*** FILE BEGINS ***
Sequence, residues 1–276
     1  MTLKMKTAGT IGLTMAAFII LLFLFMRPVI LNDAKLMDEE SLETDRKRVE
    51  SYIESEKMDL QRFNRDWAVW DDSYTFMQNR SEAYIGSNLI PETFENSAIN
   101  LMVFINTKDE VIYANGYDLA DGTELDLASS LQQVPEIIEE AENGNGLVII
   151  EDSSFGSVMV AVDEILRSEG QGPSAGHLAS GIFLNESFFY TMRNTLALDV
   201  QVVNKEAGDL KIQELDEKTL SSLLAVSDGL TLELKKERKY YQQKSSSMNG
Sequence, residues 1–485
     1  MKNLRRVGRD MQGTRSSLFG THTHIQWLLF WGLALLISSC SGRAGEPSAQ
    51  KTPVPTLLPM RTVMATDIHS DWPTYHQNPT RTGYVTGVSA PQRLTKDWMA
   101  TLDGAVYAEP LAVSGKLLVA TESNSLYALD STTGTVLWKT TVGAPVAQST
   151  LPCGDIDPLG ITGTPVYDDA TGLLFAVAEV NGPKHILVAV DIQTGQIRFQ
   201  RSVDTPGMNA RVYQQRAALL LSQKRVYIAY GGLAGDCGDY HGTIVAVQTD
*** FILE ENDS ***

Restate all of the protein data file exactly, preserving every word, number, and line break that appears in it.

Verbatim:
Sequence, residues 1–276
     1  MTLKMKTAGT IGLTMAAFII LLFLFMRPVI LNDAKLMDEE SLETDRKRVE
    51  SYIESEKMDL QRFNRDWAVW DDSYTFMQNR SEAYIGSNLI PETFENSAIN
   101  LMVFINTKDE VIYANGYDLA DGTELDLASS LQQVPEIIEE AENGNGLVII
   151  EDSSFGSVMV AVDEILRSEG QGPSAGHLAS GIFLNESFFY TMRNTLALDV
   201  QVVNKEAGDL KIQELDEKTL SSLLAVSDGL TLELKKERKY YQQKSSSMNG
Sequence, residues 1–485
     1  MKNLRRVGRD MQGTRSSLFG THTHIQWLLF WGLALLISSC SGRAGEPSAQ
    51  KTPVPTLLPM RTVMATDIHS DWPTYHQNPT RTGYVTGVSA PQRLTKDWMA
   101  TLDGAVYAEP LAVSGKLLVA TESNSLYALD STTGTVLWKT TVGAPVAQST
   151  LPCGDIDPLG ITGTPVYDDA TGLLFAVAEV NGPKHILVAV DIQTGQIRFQ
   201  RSVDTPGMNA RVYQQRAALL LSQKRVYIAY GGLAGDCGDY HGTIVAVQTD